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Pauline Kael's favorite films at Quad

Image: "Weekend" directed by Jean-Luc Godard

Quad Cinema celebrates Pauline Kael’s centennial with a special series of 25 movies she championed as well as a few she dismissed, as a film critic.

In the golden age of film criticism, no reviewer was more fierce and more opinionated than Pauline Kael. Kael began writing about film in the early 1950s. Happy to buck popular wisdom and go her own intensely personal way, by the mid-1960s, she was writing for top magazines and her reviews were collected in suggestively-titled books (Kiss Kiss, Bang Bang, Taking It All In).

When Kael joined The New Yorker in 1968, she soon became the most influential voice on an exploding art form. Feuds and rivalries with fellow critics followed over the next 23 years, but through it all, Kael boosted filmmakers’ reputations, questioned classics, poured scornful cold water on overheated or self-serious movies, mentored and inspired screenwriters and younger critics, and stirred passionate discussion among legions of readers who, like her, lived for and through the movies.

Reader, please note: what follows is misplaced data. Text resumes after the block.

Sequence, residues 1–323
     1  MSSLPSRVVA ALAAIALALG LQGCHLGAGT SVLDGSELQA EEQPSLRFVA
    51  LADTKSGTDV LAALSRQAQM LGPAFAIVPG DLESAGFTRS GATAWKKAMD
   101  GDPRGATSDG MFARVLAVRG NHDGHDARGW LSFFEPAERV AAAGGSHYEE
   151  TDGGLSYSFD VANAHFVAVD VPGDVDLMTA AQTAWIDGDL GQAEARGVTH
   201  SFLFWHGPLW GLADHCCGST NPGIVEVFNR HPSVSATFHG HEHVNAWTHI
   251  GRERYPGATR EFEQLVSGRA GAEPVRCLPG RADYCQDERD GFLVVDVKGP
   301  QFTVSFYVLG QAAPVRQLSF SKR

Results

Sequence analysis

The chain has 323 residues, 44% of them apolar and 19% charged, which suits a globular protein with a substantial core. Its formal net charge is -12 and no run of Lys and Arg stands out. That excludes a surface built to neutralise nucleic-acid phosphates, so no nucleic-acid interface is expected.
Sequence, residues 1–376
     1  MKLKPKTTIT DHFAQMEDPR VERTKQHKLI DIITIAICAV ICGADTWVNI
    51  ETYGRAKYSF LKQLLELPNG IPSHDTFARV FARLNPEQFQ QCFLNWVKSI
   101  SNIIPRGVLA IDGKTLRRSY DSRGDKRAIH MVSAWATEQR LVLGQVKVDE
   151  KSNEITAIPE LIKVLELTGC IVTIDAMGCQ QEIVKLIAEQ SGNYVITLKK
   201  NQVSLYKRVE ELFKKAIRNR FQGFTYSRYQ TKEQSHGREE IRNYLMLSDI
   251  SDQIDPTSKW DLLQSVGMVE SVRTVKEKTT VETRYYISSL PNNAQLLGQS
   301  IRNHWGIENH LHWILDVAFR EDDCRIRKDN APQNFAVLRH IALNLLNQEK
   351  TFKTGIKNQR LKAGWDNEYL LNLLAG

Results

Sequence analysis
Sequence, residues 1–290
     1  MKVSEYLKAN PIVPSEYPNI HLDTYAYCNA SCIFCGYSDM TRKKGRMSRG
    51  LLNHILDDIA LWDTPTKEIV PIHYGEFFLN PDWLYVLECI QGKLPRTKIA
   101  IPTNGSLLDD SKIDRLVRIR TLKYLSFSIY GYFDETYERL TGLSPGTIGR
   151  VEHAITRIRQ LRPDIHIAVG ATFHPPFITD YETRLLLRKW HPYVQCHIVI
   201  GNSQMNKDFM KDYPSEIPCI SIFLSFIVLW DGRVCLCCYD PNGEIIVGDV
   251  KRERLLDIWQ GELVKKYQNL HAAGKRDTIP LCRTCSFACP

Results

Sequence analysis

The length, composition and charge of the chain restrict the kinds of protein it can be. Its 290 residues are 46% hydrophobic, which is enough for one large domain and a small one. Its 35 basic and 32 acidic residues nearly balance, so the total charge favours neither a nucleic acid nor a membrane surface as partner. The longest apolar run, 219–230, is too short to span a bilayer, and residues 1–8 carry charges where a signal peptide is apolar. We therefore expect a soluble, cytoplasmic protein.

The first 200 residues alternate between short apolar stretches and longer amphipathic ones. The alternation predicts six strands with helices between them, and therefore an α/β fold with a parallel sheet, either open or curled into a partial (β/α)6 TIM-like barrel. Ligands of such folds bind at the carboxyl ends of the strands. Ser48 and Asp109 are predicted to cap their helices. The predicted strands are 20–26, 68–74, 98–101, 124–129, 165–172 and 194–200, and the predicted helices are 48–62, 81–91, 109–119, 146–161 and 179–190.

Losing It At the Movies: Pauline Kael at 100” features 4 French productions and coproductions that marked Pauline Kael’s career.


Last Tango in Paris
Directed by Bernardo Bertolucci
Year: 1972
Runtime: 129 mins
> Thursday, June 20 – 9:10pm

Love in the Afternoon
Directed by Eric Rohmer
Year: 1972
Runtime: 97 mins
> Friday, June 7 – 4:30pm; Saturday, June 8 – 5:05pm

The Story of Adèle H.
Directed by François Truffaut  
Year: 1975
Runtime: 96 mins
> Tuesday, June 11 – 6:40pm

Directed by Jean-Luc Godard
Year: 1967
Runtime: 104 mins
> Friday, June 14 – 4:30pm; Saturday, June 15 – 1:00pm